Thursday, January 30, 2014
The death penalty is "barbaric, racist and arbitrary in its application," The New York Times Editorial Board said yesterday as it lamented the January 29 execution of Herbert Smulls in Missouri. Unlike Dennis McGuire's January 16 execution in Ohio, Smull's did not last 26 minutes--it was reportedly "brief." Still, The Times concludes that it's time to abandon the death penalty. It writes:
In the end, the argument over what is the most “humane” way to kill someone only obscures the larger point, which is that, in the 21st century, the United States has no business putting people to death by any means. Public support for capital punishment has reached a 40-year low, and virtually all other Western societies have rejected it. It will end here, too, but not until this despicable practice is dragged out into the open for all to see.
In both Missouri and Ohio, the states used drug cocktails prepared by compounding pharmacies, which has become common since the original drug--sodium thiopental--is no longer available. However, some states will not disclose the names of the pharmacies from which the cocktails come, a move The Times decries as "cowardly." It explains:
The increased secrecy around lethal-injection drug protocols is only the latest tactic of pro-death-penalty legislators and corrections officials around the country. In Missouri, this secrecy was upheld last week by a federal appeals court, which denied a condemned inmate’s constitutional claim that he is entitled to basic information about the drugs that would be used to put him to death.
Herbert Smulls was executed late Wednesday for the 1991 murder of a jewelry-store owner. Missouri refused to name the pharmacy or pharmacies involved in producing the execution drugs.
Missouri’s secrecy, along with new legislation in states such as Georgia and Tennessee, is a response to a mounting “crisis” in death-penalty states: Because many drug manufacturers now refuse to supply drugs for use in executions, states are scrambling to replenish their stocks. This often means turning to compounding pharmacies, which exist in a largely unregulated world.
Additionally, The Guardian reports today that the result of its recent survey of Texas's executions over the last three years demonstrates that new procedures are taking longer to kill the condemned--indeed lasting as long 30 minutes. It states:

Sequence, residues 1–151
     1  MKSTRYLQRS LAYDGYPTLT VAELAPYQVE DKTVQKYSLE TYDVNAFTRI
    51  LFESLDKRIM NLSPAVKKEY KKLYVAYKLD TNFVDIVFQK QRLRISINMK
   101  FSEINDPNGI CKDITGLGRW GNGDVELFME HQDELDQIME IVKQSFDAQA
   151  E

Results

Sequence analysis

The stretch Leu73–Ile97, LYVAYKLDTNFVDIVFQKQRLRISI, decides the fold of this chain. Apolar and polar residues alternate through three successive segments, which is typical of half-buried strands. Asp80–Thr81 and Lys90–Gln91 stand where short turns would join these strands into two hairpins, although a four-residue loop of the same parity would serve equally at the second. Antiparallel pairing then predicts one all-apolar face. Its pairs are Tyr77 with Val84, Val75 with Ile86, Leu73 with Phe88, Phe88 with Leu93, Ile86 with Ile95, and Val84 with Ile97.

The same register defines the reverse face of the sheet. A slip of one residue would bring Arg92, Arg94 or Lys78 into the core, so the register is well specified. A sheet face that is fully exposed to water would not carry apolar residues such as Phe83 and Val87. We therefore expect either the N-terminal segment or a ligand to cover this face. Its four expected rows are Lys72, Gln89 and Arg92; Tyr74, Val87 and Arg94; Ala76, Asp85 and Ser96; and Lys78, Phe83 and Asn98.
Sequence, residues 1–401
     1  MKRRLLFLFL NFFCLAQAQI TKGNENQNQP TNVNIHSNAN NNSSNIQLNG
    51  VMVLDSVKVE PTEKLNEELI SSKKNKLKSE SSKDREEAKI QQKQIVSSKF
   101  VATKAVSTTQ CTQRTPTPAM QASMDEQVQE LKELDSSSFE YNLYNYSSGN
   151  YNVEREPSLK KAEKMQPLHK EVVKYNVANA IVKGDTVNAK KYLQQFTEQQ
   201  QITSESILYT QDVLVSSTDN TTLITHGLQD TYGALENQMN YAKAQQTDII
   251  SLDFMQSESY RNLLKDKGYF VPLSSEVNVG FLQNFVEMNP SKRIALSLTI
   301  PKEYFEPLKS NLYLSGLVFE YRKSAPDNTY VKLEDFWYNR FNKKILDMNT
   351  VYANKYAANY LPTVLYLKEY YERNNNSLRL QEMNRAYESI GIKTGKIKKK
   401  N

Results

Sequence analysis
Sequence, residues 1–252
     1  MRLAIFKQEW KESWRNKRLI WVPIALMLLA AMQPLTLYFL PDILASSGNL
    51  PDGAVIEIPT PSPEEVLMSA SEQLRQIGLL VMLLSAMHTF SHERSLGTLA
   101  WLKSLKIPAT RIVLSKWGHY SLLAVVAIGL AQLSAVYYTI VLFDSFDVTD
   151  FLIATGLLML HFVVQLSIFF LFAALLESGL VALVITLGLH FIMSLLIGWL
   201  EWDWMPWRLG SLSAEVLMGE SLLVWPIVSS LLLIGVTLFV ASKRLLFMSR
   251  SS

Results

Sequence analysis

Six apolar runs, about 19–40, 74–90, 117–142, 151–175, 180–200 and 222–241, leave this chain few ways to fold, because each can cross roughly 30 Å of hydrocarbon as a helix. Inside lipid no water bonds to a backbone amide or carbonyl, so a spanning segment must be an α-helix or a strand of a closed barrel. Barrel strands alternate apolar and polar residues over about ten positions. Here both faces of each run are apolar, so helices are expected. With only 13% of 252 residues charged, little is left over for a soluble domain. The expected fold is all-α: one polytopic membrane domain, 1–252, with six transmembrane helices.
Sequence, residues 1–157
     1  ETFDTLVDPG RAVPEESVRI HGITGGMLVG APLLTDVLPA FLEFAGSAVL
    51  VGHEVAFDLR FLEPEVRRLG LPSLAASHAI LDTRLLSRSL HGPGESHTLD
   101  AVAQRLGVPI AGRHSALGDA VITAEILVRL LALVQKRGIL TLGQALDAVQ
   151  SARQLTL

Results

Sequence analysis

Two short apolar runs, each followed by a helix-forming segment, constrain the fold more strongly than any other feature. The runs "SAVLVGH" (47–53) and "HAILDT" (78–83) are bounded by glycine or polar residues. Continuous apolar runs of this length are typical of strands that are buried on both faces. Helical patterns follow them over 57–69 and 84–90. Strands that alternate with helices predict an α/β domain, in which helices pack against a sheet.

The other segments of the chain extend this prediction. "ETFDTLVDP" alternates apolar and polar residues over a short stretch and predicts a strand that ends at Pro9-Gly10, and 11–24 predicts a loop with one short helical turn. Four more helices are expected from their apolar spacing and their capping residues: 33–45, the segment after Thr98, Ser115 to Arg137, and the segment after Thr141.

US death penalty states face a deepening crisis in their struggle to procure medical drugs for use in lethal injections, with new evidence that the increasingly random methods being used are subjecting condemned prisoners to prolonged and possibly excruciating deaths.
A Guardian survey of death sentences carried out over the past three years by Texas – the most prolific of all execution states – has found that the procedure now takes on average twice as long as under previous protocols. A study of Texas department of criminal justice records and eyewitness media reports mainly from the Associated Press shows a notable lengthening of the death process following the switch in July 2012 from the conventional three-drug cocktail to a single drug, pentobarbital.
Ten executions prior to the change took on average 10 minutes to complete, ranging from nine to 11 minutes between the administration of the lethal injection and the declaration of death.
The next 23 executions using only pentobarbital took on average 20 minutes, with the full range between 12 to 30 minutes.
Earlier this week, Louisiana announced it will use the combination drug used in McGuire's execution in Ohio, which one witness described as "ghastly,"--"[h]is gasps could be heard through the glass wall that separated us." McGuire's family now plans to sue the state for alleged violations of the Eighth Amendment's prohibition on "cruel and unusual punishment."
CRL&P related posts:
- When victims' families defend defendants against capital punishment
- Correcting a Fatal Lottery: A Proposal to Apply the Civil Discrimination Standards to the Death Penalty
- South Carolina Is Still Defending Its Neglectful Prisons